Read it here! It's a very interesting article and I do use it myself, as a violin teacher, to explain to students more about bowing and tone (if they are interested).Some time ago I came across this interesting article where the science behind bowing technique and tone production on the violin is explained.
I've already referred a number of students to this article to see how bowing actually 'works', but I think it is NOT the no 1 reason why violin playing is so hard, so I would like to comment on the article...
It busts the myth about the 'silent bow changes', which are physically impossible as the Helmholtz movement simply has to be stopped and go the other direction.
However very interesting, it does not point out the nr 1 reason why violin playing is so hard...
My students most of the time have a decent basic (!) bowing technique and tone in a couple of lessons. Of course they don't have a professional tone and are not able of more advanced bowing techniques at this point.
The real trouble starts with intonation (playing in tune) and as violinists we can't use frets as the intonation needs to be flexible depending if we play in a certain key, where the melody goes, what the harmonic function is and if we play with an orchestra, pianist or string quartet. All this while learning a 'whole tempered' tuning on the violin is already difficult enough as it is.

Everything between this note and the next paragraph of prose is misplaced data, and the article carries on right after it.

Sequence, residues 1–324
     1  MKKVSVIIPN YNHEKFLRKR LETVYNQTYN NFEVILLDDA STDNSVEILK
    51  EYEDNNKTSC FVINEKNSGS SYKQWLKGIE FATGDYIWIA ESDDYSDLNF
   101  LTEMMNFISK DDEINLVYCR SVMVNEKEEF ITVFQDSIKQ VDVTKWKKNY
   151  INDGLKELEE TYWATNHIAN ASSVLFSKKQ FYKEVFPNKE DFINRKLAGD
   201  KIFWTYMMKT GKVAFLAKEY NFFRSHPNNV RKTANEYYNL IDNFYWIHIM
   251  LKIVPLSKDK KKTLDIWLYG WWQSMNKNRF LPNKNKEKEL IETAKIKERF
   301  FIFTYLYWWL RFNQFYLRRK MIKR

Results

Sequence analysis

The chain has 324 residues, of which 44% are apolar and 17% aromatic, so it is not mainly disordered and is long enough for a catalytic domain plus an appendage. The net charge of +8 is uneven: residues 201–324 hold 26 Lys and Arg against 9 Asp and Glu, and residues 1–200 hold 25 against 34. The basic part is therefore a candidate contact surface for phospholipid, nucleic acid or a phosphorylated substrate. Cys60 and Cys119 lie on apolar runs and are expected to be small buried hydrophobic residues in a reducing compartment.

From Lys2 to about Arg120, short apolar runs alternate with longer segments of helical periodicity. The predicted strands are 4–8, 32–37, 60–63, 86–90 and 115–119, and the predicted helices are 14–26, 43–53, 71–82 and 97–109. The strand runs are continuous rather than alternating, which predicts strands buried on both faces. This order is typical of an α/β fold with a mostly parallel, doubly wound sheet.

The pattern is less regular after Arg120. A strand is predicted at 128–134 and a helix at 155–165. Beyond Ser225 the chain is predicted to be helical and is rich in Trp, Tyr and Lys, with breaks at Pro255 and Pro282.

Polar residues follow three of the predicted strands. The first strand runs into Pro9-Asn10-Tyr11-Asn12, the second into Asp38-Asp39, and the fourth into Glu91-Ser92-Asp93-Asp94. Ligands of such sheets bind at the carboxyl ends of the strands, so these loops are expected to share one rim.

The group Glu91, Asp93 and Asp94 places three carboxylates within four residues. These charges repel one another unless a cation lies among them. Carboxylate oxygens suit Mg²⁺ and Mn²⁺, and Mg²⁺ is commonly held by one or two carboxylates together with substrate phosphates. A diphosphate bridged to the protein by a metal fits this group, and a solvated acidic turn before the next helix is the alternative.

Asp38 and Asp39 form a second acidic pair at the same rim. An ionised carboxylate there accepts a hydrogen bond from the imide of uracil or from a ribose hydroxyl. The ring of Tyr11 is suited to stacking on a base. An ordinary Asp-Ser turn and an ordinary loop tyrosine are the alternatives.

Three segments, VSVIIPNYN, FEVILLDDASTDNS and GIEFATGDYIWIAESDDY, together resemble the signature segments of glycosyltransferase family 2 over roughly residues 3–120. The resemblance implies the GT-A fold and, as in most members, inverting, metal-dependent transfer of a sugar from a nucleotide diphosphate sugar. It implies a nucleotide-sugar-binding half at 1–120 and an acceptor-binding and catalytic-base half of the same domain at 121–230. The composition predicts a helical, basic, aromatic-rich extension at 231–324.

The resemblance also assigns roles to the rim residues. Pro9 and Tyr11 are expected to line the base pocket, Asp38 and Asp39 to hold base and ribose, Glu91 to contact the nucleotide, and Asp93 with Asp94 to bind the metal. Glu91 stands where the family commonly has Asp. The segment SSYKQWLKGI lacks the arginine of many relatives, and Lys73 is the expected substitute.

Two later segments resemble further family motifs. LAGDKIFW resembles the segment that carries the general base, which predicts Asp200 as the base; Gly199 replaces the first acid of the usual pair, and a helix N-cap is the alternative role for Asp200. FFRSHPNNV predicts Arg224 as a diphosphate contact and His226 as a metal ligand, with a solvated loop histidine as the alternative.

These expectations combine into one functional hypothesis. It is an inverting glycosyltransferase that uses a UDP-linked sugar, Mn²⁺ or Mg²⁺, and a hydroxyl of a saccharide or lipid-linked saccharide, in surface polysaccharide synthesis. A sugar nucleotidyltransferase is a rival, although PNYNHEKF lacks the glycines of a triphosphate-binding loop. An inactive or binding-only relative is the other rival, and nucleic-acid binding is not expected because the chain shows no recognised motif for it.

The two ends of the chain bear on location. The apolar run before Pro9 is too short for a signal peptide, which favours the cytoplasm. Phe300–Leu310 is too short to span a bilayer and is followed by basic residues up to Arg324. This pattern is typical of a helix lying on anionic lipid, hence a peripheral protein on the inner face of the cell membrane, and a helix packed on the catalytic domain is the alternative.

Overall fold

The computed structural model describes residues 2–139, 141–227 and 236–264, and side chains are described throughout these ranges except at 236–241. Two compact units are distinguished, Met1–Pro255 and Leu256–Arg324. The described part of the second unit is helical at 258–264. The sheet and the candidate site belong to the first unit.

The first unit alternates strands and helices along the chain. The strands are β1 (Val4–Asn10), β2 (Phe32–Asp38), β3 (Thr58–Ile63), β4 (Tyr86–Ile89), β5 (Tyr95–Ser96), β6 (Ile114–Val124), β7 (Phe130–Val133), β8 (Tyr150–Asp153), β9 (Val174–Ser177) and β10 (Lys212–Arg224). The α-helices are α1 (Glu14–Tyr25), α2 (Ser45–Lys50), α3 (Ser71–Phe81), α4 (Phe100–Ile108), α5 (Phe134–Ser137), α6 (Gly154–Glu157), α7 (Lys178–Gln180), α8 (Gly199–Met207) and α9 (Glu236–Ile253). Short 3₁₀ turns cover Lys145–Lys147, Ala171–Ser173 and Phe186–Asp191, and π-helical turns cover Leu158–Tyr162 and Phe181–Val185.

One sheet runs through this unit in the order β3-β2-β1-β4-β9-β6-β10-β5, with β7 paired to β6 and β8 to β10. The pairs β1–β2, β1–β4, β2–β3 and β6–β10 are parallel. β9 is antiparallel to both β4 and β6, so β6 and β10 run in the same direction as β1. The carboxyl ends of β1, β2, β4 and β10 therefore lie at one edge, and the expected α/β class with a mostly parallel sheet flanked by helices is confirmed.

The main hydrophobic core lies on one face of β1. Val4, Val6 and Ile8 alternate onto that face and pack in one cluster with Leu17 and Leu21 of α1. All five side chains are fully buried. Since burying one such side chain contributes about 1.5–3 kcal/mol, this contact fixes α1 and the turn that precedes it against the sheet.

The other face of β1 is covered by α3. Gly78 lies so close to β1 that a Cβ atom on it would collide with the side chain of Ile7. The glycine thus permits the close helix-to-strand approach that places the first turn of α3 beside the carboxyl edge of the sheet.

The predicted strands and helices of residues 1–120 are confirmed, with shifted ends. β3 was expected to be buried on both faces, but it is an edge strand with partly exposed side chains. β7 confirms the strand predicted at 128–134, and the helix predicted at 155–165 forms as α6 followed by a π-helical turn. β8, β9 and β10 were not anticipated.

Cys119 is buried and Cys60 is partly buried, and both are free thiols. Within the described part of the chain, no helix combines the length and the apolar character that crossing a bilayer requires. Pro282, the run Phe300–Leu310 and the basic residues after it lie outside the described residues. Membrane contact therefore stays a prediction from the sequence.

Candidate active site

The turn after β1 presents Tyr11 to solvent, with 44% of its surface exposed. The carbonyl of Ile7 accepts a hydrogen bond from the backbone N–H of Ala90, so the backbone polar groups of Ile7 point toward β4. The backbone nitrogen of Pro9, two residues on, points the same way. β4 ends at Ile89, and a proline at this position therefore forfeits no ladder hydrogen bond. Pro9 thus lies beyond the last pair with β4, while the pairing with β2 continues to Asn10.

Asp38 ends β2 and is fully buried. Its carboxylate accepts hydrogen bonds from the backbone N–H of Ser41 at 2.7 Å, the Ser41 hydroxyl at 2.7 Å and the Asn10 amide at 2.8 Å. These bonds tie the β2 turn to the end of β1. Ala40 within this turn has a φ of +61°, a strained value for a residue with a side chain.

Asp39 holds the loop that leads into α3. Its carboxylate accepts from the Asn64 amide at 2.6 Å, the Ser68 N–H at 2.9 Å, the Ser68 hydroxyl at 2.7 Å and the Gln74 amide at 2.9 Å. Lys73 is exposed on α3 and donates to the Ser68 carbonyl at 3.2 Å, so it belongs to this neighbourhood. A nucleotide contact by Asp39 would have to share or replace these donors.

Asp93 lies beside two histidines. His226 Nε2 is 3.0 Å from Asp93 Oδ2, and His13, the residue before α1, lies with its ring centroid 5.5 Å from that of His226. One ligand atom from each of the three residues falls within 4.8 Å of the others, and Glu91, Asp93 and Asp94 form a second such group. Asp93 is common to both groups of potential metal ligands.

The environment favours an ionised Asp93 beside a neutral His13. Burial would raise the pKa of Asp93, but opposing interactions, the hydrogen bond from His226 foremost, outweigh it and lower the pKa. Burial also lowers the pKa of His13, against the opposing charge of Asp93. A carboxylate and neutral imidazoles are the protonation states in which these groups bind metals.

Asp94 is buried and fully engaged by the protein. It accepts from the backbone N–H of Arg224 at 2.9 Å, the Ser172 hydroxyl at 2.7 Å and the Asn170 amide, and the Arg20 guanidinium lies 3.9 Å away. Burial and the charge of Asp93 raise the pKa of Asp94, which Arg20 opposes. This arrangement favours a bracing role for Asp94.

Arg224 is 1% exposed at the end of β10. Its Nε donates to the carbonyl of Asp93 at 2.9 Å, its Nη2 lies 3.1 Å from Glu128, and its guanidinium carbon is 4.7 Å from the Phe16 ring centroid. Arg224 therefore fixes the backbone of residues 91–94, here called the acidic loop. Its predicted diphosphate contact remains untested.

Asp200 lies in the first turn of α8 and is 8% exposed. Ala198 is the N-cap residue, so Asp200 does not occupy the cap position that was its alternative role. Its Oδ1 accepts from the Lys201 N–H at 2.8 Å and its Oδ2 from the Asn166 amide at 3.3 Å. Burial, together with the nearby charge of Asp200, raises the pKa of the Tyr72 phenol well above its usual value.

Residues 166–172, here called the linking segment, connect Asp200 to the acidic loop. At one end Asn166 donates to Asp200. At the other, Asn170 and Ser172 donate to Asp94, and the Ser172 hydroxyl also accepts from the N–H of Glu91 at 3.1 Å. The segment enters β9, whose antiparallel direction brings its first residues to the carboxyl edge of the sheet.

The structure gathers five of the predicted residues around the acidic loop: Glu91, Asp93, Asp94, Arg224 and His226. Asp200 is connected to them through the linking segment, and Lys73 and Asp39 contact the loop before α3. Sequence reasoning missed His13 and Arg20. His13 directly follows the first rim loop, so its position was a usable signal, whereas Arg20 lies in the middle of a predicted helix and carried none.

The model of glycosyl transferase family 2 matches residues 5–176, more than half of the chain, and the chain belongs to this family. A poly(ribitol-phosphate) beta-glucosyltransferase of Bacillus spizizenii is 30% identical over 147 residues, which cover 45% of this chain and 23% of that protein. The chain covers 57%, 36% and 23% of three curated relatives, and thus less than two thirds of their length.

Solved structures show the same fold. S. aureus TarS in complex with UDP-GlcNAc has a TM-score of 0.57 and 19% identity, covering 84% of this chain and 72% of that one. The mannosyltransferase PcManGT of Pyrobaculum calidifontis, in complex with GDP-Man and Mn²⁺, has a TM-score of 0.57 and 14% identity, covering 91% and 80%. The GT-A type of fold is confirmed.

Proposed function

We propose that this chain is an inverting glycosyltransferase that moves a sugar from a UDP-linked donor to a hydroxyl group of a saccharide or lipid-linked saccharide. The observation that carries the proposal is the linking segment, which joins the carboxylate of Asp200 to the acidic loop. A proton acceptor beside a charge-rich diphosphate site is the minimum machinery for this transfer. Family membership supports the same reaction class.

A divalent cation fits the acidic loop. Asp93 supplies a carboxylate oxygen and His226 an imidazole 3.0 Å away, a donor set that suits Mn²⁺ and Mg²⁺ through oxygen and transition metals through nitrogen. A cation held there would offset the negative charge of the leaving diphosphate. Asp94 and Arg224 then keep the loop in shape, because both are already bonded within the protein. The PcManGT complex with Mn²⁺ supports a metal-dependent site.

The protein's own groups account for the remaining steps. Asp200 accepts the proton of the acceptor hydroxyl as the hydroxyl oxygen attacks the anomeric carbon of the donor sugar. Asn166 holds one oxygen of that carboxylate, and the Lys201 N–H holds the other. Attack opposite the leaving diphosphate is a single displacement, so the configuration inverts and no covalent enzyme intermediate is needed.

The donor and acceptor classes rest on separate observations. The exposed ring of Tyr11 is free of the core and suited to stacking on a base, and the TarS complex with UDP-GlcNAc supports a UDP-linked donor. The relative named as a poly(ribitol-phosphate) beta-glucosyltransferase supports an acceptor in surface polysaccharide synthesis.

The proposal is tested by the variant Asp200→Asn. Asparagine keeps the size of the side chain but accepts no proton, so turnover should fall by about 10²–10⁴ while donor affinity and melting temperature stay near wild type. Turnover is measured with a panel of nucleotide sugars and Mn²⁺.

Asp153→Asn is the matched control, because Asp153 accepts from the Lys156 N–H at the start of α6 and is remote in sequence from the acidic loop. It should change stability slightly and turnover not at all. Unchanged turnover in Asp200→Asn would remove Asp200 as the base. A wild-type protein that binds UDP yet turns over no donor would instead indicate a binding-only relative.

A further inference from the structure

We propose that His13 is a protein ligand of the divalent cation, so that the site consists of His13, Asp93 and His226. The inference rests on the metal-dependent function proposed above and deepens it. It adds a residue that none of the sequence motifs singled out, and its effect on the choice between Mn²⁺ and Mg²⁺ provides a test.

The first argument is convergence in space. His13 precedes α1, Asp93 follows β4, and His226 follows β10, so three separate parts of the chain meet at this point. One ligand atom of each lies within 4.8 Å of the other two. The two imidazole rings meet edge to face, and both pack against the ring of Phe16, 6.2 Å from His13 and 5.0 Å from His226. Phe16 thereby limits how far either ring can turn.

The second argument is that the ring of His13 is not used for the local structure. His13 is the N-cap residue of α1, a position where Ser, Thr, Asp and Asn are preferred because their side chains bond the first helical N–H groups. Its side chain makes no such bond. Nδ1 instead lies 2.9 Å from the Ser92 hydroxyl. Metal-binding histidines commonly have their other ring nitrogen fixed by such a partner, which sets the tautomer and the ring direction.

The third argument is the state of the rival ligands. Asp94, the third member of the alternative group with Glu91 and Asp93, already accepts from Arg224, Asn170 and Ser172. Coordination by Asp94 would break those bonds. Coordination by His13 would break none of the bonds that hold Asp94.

Besides that what a lot of students find hard is the multitasking... difficult bowing technique, reading notes, watching a conductor or other players, intonation, rhythm, expression and interpretation and all the other stuff that musicians in general cope with while playing.
Of course every instrument on a high level is difficult. Everybody and monkeys can hit some random keys on a piano and sound in tune with a decent tone, but to play Chopin is a whole different story.
What makes the piano more accessible is that with a little to no basic technique one could still play a simple nice sounding song. Besides that on a piano or guitar one could play a couple of chords and sound good already. However, I hear a lot of piano students hit a 'plateau' after some years and not much of them can go beyond this. It takes a lot of practice hours and good teaching to beat this plateau and get to an advanced level.
With the violin all difficulties are there right in the beginning and for many it takes years to play something that doesn't make people want to put cotton in their ears ;). Let's say the plateau that appears for pianists after some years, is there for the violin right in the beginning.
Al this being said (and I hope I haven't bored you), playing a musical instrument is a learnable skill. To approach it scientifically... There is input (good lessons, practice hours) and a predictable output (play beautifully). Of course to achieve a soloist/prodigy/alien level, a little talent might certainly help.
All the best,
Zlata Brouwer, online violin teacher
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